When Disney and Pixar released their movie Wall–E back in 2008, it was lauded by audiences and critics alike, even receiving a score of 95 from Rotten Tomatoes. All of the accolades that the movie received are prime examples of how easily audiences really do forget the past. The movie is a clear lifting of MGM’s 2001: A Space Odyssey as well as ruminations by the late great scientist Isaac Asimov. On another level, it is also a lifting from another well-known sci-fi flick by the name of Silent Running. As a matter of fact, one could argue that Wall–E pulls more from that movie than from 2001: A Space Odyssey with its overly preachy content. That would go to show the influence of the latter, decidedly nihilistic flick, which in fact received the Blu-ray re-issue treatment last month thanks to Arrow Video. Re-issued Nov. 17, the 1972 cult favorite sci-fi flick will appeal equally to its longtime fans and sci-fi fans who might be less familiar with the movie. That is due in part to the movie’s central story, which will be discussed shortly. While the story is certain to keep viewers engaged throughout the movie’s roughly 90-minute run time, the re-issue’s presentation does suffer from at least one concern, its production. Most notably, the audio production proves somewhat problematic and will be addressed a little later. The bonus content that accompanies the re-issue adds to the presentation’s appeal and together with the story, makes for even more appeal. The two items together make up for the concerns raised by the audio production and make the movie’s re-issue worth watching at least occasionally by the most devoted science fiction fans and of Silent Running.
Arrow Video’s recent Blu-ray re-issue of Universal Pictures’ 1972 sci-fi statement flick Silent Running is a presentation that will appeal to the most devoted of the movie’s fans. It will also appeal to the most devoted science fiction fans. That is due in part to the movie’s story. The story in question centers on Freeman Lowell (Bruce Dern – The Burbs, Nebraska, The Hateful Eight) as he makes his way into space to (he thinks) protect a forest that he oversees in a bio-dome structure attached to his ship, the Valley Forge. The flight happens after an order from Earth for all ships orbiting Earth to destroy their biodomes, which contain the last plant and animal life from Earth. While no reason is ever given for the order, the script does manage to explain that by having one of Freeman’s soon-to-be deceased crewmates note that he did not understand the order either. In a way, that lack of explanation is a sort of commentary about the oftentimes mind boggling actions of any government body. Lowell’s development as the story progresses is really what makes the story engaging. His focus on protecting the forest gradually declines as he increasingly falls victim to the psychological effect of isolation. He eventually comes to the realization that being alone, there is no reason to keep trying to save the forest, leading to the story’s disturbing finale. This critic will not reveal that finale here for those who have yet to see the story. What can be said is that it will leave audiences unsettled, to say the very least.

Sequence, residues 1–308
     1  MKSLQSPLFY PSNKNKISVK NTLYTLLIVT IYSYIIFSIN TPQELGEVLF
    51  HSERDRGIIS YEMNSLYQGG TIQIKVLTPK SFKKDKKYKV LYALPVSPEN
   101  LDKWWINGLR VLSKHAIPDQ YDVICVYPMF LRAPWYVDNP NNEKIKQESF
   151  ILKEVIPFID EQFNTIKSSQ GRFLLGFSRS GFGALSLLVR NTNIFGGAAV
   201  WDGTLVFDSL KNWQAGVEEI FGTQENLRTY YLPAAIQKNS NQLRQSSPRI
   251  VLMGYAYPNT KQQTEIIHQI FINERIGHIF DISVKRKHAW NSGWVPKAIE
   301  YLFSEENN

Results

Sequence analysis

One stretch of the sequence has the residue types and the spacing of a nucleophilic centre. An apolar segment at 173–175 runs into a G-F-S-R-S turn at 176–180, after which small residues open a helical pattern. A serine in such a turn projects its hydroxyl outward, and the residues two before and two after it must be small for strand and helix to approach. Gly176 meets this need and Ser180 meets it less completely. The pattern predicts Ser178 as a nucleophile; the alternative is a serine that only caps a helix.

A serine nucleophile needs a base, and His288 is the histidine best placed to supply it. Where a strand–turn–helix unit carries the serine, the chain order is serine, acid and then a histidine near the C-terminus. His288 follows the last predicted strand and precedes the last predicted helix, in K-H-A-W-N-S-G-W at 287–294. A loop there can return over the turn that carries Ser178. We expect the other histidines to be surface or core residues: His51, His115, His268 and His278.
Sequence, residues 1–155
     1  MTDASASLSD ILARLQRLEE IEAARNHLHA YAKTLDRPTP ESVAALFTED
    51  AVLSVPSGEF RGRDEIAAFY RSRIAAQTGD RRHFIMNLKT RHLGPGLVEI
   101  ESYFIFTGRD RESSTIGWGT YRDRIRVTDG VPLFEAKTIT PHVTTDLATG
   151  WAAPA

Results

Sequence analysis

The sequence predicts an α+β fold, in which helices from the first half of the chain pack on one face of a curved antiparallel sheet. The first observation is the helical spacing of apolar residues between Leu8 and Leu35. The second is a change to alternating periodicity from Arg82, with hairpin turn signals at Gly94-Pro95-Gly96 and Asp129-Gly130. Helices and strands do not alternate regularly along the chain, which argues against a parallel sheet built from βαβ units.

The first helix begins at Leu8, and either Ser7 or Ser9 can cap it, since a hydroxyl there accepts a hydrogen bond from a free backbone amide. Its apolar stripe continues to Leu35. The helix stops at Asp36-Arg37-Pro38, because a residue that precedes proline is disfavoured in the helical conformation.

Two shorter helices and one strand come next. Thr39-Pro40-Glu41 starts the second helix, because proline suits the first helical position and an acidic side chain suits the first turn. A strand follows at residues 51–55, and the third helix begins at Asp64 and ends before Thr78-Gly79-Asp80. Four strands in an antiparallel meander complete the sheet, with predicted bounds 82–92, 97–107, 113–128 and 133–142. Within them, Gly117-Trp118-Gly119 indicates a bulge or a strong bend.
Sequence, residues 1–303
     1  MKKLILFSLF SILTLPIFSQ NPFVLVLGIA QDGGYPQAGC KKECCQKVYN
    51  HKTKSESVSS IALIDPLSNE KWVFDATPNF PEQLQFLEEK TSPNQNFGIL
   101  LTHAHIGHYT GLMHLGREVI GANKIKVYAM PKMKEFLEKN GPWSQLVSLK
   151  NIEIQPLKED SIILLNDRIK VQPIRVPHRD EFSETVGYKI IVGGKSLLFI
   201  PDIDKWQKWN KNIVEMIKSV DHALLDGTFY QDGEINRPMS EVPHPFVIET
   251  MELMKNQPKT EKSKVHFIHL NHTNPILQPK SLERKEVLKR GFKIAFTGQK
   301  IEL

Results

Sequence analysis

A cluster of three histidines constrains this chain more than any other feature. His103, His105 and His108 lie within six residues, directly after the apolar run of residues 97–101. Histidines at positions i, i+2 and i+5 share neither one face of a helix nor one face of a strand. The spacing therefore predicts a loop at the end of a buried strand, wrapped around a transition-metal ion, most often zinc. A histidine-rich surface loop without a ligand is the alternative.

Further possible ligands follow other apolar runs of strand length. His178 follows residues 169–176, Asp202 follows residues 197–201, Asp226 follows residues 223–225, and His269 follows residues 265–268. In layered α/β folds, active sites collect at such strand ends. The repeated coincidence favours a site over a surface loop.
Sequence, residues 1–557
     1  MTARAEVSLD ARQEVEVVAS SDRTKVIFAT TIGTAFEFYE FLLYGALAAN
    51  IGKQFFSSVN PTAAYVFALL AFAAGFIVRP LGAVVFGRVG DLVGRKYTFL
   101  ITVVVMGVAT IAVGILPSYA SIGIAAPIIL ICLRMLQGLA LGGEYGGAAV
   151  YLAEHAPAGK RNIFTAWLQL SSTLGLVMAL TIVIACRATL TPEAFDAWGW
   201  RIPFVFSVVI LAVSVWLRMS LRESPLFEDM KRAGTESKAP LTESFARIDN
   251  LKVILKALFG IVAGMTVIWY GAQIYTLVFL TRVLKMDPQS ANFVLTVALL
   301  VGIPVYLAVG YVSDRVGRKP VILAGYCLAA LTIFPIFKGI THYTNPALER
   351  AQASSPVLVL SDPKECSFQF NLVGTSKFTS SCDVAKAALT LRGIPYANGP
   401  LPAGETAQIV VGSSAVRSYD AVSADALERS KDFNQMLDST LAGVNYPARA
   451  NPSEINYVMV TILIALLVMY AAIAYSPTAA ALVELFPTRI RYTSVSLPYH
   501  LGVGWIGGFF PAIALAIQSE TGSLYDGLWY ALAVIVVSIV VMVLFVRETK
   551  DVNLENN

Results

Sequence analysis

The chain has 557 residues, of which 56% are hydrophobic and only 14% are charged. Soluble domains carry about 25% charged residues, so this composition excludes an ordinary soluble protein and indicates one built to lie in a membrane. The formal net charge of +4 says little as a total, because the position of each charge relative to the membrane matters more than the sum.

On another note, there is one notable plot hole to this story that almost completely negates the whole thing. That plot hole comes early on as one of Lowell’s crewmates makes mention that the Earth at the time was 75-degrees. The companion booklet that comes with the movie’s recent re-issue points out that the degrees measure in question is Celsius, not Fahrenheit. That Celsius measure equals to 167-degrees in Fahrenheit. So it leaves one scratching one’s head that Lowell’s crew mates talk about returning to Earth when no human, let alone plant and animal, could survive such temperatures. Humans even now struggle when summer temperatures in the real world get to the 100s, so there is no way humans could even begin to survive at a temperature of nearly 200-degrees year-round. Audiences who can overlook this massive Earth-size plot hole will find themselves able to stay engaged. However in hindsight, that noted realization detracts from the story’s enjoyment quite a bit. The plot hole pointed out in the re-issue’s companion booklet is just one aspect of the bonus content that will be pointed out later. It is also just one of the problems from which the movie itself suffers. The audio production presented in the movie is another concern.
Throughout the course of Silent Running’s 90-minute run time, its audio levels are problematic. The dialogue plays out at a low volume while the music, crafted and performed by folk singer Joan Baez and composer Peter Schickele, is far too loud whenever it is used. Whether that was the result of work done on the movie’s re-mastering or if it was originally like that is anyone’s guess. It was not discussed in any of the movie’s bonus content. Again, the bonus content will be discussed later. Regardless, the constant volume adjustments that audiences will find themselves having to make as they take in the movie will become bothersome to say the least. At least the video quality is worth its share of applause. It makes up at least to a point for the problems posed by the problematic audio production.